Last edited 24 Jun 2015

Traditional contract: project brief

Project plan traditional contract.jpg

This stage is concerned solely with preparing the project brief, the key document upon which the design will be based.

[edit] Starting the work stage and appointing additional members of the consultant team if necessary.

The client updates the business case and project execution plan to reflect comments made at the end of the previous stage. The lead consultant then co-ordinates a start-up meeting attended by the consultant team and the client to issue the revised project execution plan (and business case or part of it if appropriate), to pass on comments made at the end of the previous stage, and to agree the programme for the stage.

The consultant team or the client may identify a requirement to appoint additional consultants or specialist designers. Go to work stage: Traditional contract: appointment.

[edit] Preparing the project brief.

The client and consultant team discuss the required contents of the project brief and consider who the consultant team may need to consult in the preparation of the project brief. It may be appropriate to prepare a project directory of contact details and perhaps a stakeholder map.

The client informs user panels, champions and other stakeholders that will be involved in the development of the project brief that they should make time available to meet with the consultant team. The lead consultant co-ordinates the consultant team to carry out consultations with user panels, champions and other stakeholders and feeds back the outcome of consultations to the client.

The lead consultant co-ordinates the consultant team to prepare a draft project brief.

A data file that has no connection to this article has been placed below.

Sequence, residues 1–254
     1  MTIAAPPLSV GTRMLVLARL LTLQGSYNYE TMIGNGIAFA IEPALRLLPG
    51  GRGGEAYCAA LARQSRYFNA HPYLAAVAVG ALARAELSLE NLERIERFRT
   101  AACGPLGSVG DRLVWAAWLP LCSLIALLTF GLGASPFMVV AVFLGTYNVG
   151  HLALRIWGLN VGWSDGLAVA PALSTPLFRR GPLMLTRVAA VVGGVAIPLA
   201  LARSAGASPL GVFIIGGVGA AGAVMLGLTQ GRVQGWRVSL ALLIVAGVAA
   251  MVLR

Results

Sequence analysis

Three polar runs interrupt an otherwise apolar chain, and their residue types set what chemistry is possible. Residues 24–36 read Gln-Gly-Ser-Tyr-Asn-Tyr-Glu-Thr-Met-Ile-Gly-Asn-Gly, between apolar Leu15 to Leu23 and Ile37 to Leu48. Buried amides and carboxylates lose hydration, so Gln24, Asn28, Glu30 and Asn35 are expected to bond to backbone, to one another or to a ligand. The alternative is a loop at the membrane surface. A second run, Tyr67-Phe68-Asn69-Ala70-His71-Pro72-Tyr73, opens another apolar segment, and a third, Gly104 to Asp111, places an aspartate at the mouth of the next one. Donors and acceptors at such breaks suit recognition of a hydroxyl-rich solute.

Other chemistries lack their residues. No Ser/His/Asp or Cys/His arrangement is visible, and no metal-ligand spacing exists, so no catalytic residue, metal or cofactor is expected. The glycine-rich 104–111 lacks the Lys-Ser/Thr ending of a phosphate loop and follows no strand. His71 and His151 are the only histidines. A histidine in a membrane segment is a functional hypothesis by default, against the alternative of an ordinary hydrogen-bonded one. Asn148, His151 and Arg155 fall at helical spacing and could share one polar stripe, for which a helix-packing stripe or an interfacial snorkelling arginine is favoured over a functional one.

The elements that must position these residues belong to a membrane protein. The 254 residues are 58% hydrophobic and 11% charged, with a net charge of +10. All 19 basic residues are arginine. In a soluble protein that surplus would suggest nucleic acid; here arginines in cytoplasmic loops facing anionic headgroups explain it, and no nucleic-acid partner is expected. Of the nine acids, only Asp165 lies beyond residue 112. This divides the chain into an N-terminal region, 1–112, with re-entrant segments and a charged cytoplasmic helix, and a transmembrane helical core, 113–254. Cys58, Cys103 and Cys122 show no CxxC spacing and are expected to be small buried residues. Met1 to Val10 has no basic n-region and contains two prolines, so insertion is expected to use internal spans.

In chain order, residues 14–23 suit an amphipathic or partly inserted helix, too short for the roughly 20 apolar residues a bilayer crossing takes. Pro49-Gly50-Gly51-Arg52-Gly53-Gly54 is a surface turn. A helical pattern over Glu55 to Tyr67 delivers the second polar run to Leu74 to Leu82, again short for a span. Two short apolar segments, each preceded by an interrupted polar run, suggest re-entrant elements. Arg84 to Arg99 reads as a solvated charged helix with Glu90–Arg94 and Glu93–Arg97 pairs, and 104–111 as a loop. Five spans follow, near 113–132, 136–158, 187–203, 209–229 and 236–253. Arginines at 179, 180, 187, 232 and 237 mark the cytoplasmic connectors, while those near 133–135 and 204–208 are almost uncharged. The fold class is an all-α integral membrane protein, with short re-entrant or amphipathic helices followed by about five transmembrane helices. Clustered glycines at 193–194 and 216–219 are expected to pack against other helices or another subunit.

The client begins preparing, or arranges for the consultant team to begin preparing, a site waste management plan (if required). At this stage, this is a means of recording decisions made to minimise the consumption of resources and to minimise the generation of waste.

The cost consultant highlights areas of potential cost savings and areas of potential cost problems apparent in the draft project brief and prepares an elemental cost plan. The client considers advice from the cost consultant and instructs the consultant team to amend the draft project brief if necessary.

The client issues the revised project brief to the user panels, champions and other stakeholders who may propose further revisions. The client considers the proposed amendments and instructs any necessary revision of the project brief.

If necessary the client revises the business case and project execution plan. This might include: additional value management and risk assessment exercises, re-assessment of the budget and re-assessment of the procurement route.

The project brief is issued to user panels, champions and other stakeholders who may have further involvement in the development of the project.

The client confirms that funding is available and that there is still stakeholder support for the project, and considers whether to proceed to the next stage.


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